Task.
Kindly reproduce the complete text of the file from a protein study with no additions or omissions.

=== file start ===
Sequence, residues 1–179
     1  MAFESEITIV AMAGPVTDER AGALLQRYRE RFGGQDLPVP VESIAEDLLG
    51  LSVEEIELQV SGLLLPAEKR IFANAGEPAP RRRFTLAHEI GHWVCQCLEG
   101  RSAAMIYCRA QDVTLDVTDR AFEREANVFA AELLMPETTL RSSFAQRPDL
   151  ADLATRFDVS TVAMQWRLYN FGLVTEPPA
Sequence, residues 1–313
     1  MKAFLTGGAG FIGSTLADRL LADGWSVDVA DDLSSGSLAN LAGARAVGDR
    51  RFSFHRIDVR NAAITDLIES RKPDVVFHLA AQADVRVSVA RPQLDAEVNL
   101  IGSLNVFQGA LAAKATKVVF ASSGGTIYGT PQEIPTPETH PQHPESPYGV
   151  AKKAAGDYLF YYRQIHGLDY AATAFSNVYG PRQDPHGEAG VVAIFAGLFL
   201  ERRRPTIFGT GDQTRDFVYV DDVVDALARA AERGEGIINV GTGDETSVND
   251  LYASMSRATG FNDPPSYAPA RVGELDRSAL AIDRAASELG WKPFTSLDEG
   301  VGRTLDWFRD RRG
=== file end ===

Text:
Sequence, residues 1–179
     1  MAFESEITIV AMAGPVTDER AGALLQRYRE RFGGQDLPVP VESIAEDLLG
    51  LSVEEIELQV SGLLLPAEKR IFANAGEPAP RRRFTLAHEI GHWVCQCLEG
   101  RSAAMIYCRA QDVTLDVTDR AFEREANVFA AELLMPETTL RSSFAQRPDL
   151  ADLATRFDVS TVAMQWRLYN FGLVTEPPA
Sequence, residues 1–313
     1  MKAFLTGGAG FIGSTLADRL LADGWSVDVA DDLSSGSLAN LAGARAVGDR
    51  RFSFHRIDVR NAAITDLIES RKPDVVFHLA AQADVRVSVA RPQLDAEVNL
   101  IGSLNVFQGA LAAKATKVVF ASSGGTIYGT PQEIPTPETH PQHPESPYGV
   151  AKKAAGDYLF YYRQIHGLDY AATAFSNVYG PRQDPHGEAG VVAIFAGLFL
   201  ERRRPTIFGT GDQTRDFVYV DDVVDALARA AERGEGIINV GTGDETSVND
   251  LYASMSRATG FNDPPSYAPA RVGELDRSAL AIDRAASELG WKPFTSLDEG
   301  VGRTLDWFRD RRG